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INTEGRATED SOIL AND WATER MANAGEMENT SYSTEMS TO REDUCE SOIL EROSION AND NUTRIENT LOSS FROM ALLUVIAL SOILS OF THE LOWER MISSISSIPPI RIVER VALLEY
Published by the American Society of Agricultural and Biological Engineers, St. Joseph, Michigan www.asabe.orgCitation: Pp. 472-472 in Total Maximum Daily Load (TMDL) Environmental Regulations–II Proceedings of the 8-12 November 2003 Conference (Albuquerque, New Mexico USA), Publication Date 8 November 2003. .(doi:10.13031/2013.15599)
Authors: B. C. Grigg, T. S. Kornecki, J. L. Fouss, and L. M. Southwick
Keywords: Surface runoff, Erosion, Nutrient loss, Deep tillage, Polyacrylamide, Crop residue, Subsurface drainage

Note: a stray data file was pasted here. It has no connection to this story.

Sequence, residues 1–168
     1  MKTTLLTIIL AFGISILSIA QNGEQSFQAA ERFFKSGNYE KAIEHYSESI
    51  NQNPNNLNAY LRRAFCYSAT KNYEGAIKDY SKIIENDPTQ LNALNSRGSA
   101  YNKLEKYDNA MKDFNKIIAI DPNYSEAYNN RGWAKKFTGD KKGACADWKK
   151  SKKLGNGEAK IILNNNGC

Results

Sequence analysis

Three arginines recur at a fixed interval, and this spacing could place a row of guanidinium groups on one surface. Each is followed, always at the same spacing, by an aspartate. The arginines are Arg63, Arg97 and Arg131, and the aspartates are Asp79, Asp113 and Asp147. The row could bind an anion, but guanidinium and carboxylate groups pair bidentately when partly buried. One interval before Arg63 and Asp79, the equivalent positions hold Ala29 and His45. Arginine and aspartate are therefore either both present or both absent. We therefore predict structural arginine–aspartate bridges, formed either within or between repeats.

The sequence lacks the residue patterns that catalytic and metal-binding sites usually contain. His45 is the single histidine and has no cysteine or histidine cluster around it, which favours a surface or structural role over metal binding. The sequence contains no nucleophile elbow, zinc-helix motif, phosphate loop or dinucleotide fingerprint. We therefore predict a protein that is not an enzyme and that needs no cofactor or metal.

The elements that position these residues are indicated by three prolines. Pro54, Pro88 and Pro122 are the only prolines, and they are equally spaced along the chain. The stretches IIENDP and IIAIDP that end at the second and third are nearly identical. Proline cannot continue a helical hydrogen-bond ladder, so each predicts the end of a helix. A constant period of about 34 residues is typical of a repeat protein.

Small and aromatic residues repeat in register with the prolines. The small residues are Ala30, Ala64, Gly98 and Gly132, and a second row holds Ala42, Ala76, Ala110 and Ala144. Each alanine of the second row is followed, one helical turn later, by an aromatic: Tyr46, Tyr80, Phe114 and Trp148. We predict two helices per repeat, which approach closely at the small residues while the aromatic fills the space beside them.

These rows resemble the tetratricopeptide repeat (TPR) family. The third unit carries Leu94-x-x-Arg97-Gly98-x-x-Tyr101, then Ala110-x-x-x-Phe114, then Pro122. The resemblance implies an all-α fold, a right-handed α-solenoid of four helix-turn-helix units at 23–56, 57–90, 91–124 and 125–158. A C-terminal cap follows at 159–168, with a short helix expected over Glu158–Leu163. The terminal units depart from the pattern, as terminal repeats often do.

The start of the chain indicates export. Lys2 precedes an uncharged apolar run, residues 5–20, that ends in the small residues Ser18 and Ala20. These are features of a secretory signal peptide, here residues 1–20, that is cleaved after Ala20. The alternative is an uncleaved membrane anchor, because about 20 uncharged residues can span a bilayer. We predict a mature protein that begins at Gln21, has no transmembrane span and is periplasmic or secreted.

Excess rainfall contributes to significant surface runoff, soil erosion, and nutrient loss to surface waterways typical of the Lower Mississippi River Valley. The USDA, ARS, Soil and Water Research Unit in Baton Rouge, LA, is currently evaluating the impacts of tillage (deep chiseling) and residue management, shallow and controlled subsurface drainage, and soil stabilization [polyacrylamide (PAM)] on infiltration and surface runoff of rainfall, soil erosion, and nutrient loss. At our Ben Hur field site [Commerce silt loam soil (Aeric Fluvaquents)], we are evaluating the impacts of deep tillage on 0.2 ha plots to determine the impacts on infiltration, runoff, soil erosion, and nutrient loss. The comparison of data from this site (1995-96, minimum tillage) and previous research from a nearby site (same soil, regularly deep tilled) suggests that deep tillage increased infiltration, and decreased runoff and nutrient loss. However, these tillage impacts have not been directly evaluated. Also at the Ben Hur site, we are comparing the effects of shallow subsurface drainage (0.6 m deep drain line) to controlled subsurface drainage at 0.6 m deep using existing drain lines installed at a 1.2 m depth. This evaluation of subsurface drainage systems supports efforts to reduce nutrient loss from drained agricultural soils, particularly of the Midwest U.S. Preliminary data from our St. Gabriel field site (same soil) indicate that leaving sugarcane residue in the furrow rather than burning the residue, decreased drainage ditch erosion by 64 %, and by 87% when coupled with PAM application to the ditches. This study is currently being repeated, and an additional large-scale soil column study is underway to screen potential PAM application techniques and possible interactions agrochemical application and efficacy. First-year data from these studies will be presented as available.(Download PDF) (Export to EndNotes)